Naomi Osaka Is Giving Back to Her Hometown Community In the Coolest Way

The four-time Grand Slam champion helped refurbish her childhood tennis courts so more kids can experience the love of the sport.

Photo: Getty Images

Naomi Osaka has had a busy few weeks leading up to this week's U.S. Open. In addition to lighting the Olympic torch at last month's Tokyo Games, the four-time Grand Slam champion has also been working on a project that's near and dear to her heart: refurbishing the childhood tennis courts she grew up playing on in Jamaica, Queens.

Teaming up with older sister Mari, New York-based graffiti artist MASTERPIECE NYC, and BODYARMOR LYTE, the 23-year-old tennis sensation opened up to Peloton's Ally Love during last week's court unveiling at Detective Keith L. Williams Park. "I really love designing stuff, whether it be fashion or courts now," said Osaka. "I always thought it was really important to be kind of colorful. I think courts kind of stay the same neutral colors. So just giving it a pop of color and making it recognizable was really important."

And the courts certainly stand out. Not only were the entire tennis facilities redone, but the courts now feature bold and bright shades of blue and green, not to mention artwork of tennis balls and trophies splashed around the perimeter. "To see the courts kind of new and different from how I grew up, it's really amazing," said Osaka.

Born in Japan to a Japanese mother and a Haitian father, Osaka moved to Valley Stream, New York, when she was just 3 years old. And while much has changed for the world's No. 3-ranked tennis player, she hasn't forgotten her roots. "For me, just to revisit here and wanting to build it up, and do better for the community, I think was very important for both of us," she added last week of her partnership with BODYARMOR, which is also based in Queens.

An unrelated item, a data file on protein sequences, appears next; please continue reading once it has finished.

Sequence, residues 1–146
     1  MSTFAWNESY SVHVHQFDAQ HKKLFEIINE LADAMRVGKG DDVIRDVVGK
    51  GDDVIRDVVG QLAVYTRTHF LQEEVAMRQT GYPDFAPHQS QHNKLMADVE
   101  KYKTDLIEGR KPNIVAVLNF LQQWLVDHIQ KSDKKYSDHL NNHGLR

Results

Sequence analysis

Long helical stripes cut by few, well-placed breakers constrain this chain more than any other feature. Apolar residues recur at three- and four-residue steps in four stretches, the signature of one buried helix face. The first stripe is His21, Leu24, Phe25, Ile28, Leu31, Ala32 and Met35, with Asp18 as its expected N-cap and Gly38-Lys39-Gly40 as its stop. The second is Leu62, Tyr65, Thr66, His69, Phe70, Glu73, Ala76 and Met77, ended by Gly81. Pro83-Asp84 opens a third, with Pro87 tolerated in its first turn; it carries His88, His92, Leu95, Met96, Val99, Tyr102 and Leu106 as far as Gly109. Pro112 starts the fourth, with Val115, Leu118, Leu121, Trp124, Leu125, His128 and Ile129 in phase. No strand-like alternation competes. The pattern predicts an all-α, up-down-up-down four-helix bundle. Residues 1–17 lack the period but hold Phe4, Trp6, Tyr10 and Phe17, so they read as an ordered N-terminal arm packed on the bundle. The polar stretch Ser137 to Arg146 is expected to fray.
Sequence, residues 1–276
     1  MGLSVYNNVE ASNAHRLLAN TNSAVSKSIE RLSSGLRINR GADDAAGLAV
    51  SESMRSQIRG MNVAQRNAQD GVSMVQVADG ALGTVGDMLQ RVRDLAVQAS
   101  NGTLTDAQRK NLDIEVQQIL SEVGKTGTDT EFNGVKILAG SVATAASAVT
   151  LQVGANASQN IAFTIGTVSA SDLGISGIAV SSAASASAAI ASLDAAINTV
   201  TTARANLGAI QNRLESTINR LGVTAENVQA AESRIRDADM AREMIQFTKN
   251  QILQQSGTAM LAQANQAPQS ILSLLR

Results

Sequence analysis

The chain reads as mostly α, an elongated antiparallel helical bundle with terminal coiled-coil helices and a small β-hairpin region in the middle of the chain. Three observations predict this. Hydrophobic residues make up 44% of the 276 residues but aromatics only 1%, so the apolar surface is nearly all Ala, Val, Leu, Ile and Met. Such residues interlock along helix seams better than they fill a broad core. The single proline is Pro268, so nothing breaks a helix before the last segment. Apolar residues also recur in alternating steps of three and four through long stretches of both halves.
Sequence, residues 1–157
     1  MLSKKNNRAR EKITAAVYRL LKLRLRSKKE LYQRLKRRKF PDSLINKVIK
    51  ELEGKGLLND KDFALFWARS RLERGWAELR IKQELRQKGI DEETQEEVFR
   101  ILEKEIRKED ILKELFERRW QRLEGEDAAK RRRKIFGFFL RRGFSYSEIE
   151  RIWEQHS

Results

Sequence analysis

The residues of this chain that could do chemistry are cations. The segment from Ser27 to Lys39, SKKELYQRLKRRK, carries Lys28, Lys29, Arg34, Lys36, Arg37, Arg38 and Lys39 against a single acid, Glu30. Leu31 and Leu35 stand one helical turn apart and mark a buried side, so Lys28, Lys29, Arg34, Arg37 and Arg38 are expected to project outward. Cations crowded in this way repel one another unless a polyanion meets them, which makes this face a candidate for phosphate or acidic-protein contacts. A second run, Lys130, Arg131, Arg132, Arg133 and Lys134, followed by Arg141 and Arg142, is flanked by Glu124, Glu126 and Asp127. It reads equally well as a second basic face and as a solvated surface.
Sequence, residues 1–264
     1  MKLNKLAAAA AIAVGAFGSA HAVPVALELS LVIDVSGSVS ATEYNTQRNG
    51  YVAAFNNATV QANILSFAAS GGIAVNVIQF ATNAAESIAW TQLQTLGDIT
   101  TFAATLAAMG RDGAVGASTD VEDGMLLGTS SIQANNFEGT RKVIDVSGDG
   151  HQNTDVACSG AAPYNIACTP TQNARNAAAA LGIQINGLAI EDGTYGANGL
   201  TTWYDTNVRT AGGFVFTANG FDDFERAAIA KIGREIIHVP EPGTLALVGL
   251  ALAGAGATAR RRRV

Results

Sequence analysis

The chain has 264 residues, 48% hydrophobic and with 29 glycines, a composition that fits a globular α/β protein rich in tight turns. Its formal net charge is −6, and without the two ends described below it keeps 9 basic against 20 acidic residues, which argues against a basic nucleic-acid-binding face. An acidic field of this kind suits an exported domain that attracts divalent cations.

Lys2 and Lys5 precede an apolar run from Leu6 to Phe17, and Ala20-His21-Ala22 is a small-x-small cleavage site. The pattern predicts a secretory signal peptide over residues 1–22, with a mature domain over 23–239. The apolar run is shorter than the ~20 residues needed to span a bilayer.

During the official unveiling, which included a youth tennis clinic, Osaka was also asked what her biggest piece of advice would be for young athletes. "You definitely have to enjoy what you're doing, and for me, it's taken a long time, but just being grateful to be there — or be here — just to be present," said Osaka. "I would just say while you're playing, have love for the sport, and even if you're not playing, just want to be a better you at the end of the day."

Osaka has been open about her mental health struggles in recent months, notably her withdrawal from the French Open in May. In a candid message shared Sunday on social media, however, the two-time U.S. Open champ revealed how she's hoping to shift her mindset. "What I'm trying to say is that I'm gonna try to celebrate myself and my accomplishments more, I think we all should," wrote Osaka. "Your life is your own and you shouldn't value yourself on other people's standards. I know I give my heart to everything I can and if that's not good enough for some then my apologies, but I can't burden myself with those expectations anymore." (

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